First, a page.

When it comes to HIPAA encryption, one of the most often asked questions is whether the solution is FIPS 140-2 compliant (or NIST approved / certified / validated). When it comes to AlertBoot, the answer is “yes” but the reason why the question is asked so frequently is that, sometimes, an encryption algorithm doesn’t live up to its name.
This does not necessarily mean that someone is out to scam you (although such companies do exist); it’s just that developing adequate encryption is hard, and developing great encryption is even harder…and there’s no way to know whether a particular encryption algorithm will stand up to the fire until it’s been tested and peer reviewed.
The Dentrix Situation
In a post that delves rather deeply into the issue of cryptography, Dissent at phiprivacy.net delivers news of a PHI data breach at a clinic that uses Dentrix, a dental practice management solution produced by the company Henry Schein.
Long story short: a computer full of dental patient data is stolen, but clients need not be worried because Dentrix encrypts the data. The problem? As Dissent notes, the encryption used in Dentrix software is not really encryption, although Henry Schein reps beg to differ.
Encryption vs. Data Camouflage
As a layman working in the encryption industry, it seems to me that Henry Schein doesn’t appear to have a foot to stand on regarding their claims that their solution uses data encryption. Indeed, I kind of wonder why they’re making the claim, seeing that they’re using someone else’s encryption (at this point, “encryption”):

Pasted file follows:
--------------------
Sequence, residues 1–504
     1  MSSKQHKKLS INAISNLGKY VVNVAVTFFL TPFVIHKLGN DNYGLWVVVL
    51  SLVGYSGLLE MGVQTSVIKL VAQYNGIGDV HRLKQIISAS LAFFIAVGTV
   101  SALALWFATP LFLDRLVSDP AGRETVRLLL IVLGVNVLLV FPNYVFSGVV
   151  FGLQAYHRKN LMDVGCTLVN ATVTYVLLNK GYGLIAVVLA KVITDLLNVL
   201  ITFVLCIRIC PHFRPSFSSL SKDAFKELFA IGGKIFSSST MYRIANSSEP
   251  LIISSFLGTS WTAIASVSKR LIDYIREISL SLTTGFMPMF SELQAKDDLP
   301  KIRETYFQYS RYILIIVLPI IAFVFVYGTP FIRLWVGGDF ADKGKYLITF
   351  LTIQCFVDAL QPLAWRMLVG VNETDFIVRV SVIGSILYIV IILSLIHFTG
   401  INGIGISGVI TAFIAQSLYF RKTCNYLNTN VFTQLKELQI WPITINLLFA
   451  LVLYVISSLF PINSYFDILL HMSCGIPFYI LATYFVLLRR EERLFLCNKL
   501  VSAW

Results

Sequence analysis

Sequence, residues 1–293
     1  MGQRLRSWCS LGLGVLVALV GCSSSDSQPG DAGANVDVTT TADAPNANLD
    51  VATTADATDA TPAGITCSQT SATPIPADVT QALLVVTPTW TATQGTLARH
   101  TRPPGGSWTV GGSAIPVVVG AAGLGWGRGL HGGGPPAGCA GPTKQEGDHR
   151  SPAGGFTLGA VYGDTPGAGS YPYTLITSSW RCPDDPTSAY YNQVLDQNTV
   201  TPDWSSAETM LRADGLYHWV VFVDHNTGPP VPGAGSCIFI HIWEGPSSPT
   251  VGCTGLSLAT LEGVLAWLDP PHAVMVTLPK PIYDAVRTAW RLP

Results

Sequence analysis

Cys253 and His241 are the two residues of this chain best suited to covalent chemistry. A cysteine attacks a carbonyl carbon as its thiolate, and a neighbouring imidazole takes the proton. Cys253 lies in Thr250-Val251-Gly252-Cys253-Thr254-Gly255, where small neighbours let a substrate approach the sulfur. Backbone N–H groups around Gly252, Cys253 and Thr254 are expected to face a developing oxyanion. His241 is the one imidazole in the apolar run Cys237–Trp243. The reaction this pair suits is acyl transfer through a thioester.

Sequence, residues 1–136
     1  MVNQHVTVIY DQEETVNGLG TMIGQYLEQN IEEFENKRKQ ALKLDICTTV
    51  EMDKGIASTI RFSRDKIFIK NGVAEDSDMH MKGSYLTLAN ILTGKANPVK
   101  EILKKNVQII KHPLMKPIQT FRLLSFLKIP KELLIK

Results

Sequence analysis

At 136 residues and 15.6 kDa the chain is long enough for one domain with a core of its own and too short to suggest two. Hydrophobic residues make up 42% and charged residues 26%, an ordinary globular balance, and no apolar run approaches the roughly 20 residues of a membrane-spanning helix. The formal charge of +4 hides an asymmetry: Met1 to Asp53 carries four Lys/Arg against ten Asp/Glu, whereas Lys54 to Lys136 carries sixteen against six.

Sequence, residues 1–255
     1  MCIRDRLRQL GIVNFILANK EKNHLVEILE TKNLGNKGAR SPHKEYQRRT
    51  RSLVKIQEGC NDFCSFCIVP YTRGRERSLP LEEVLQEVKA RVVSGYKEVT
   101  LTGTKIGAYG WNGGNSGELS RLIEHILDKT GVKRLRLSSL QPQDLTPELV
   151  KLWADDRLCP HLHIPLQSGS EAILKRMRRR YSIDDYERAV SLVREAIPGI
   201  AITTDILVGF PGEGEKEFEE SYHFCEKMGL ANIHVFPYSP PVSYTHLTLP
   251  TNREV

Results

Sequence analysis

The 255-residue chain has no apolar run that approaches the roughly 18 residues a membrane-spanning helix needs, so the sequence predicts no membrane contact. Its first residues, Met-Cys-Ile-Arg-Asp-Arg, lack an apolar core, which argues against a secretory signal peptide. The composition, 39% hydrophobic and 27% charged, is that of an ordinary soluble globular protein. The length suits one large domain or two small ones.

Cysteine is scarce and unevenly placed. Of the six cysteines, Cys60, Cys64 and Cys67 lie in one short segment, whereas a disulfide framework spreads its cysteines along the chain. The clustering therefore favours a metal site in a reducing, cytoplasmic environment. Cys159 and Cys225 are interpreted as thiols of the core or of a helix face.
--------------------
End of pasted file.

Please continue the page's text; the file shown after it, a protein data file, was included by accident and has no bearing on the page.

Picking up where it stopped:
In June 2013, NIST basically rejected the descriptor “encryption” for FairCom’s proprietary “standard encryption” (which is what Dentrix used in its G5 version). As a result of a vulnerability brought to CERT’s attention by Justin Shafer, FairCom wound up re-branding its “standard encryption” – which CERT described as a “weak obfuscation algorithm” – as “Data Camouflage.” The CERT report includes FairCom’s description of its “standard encryption” and its new description for “Data Camouflage.” [from phiprivacy.net]
It’s fairly obvious that FairCom was forced to call their encryption solution something other than encryption due to CERT’s decision. Hence the term “data camouflage.” But I think we have to consider the (very probable) possibility that this is nothing but marketing-speak. Obviously, we should be referring to FairCom’s tool using CERT’s own terminology: “weak obfuscation algorithm.” Whatever that may be, it’s not encryption. Even more disconcerting is the word “weak” used in the description.
A further problem is that cryptologists interviewed by Dissent are in agreement that it sounds like Dentrix is not using encryption if they are using FairCom’s “data camouflage.”
Then there is the unassailable fact that FairCom, the providers of Dentrix’s encryption core, decided to drop the word “encryption” when they renamed their solution.
Is It FIPS 140-2 Validated?
None of this means that data saved to Dentrix software will be easily accessed by the computer thief or thieves. It’s also not an indication that Henry Schein is being disingenuous; they really could be under the belief that the data is properly protected.
However, this much is certain to me: under the circumstances, it doesn’t sound like the data lives up to HIPAA data encryption standards. Standards that are, incidentally, set by NIST, not HIPAA (as anyone who has read through the Federal Register knows, HIPAA defers to NIST when it comes to all the minute details related to encryption and other data security tools).
Under HIPAA, NIST is the final arbiter on what is (and what isn’t) proper encryption. If NIST has given FariCom’s encryption the kibosh, then there really isn’t any room for argument. While we can debate on the level of security provided to users of Dentrix, in terms of HIPAA policy, there is only one answer: the dentist is not covered by the safe harbor afforded by encryption under the Breach Notification Rule.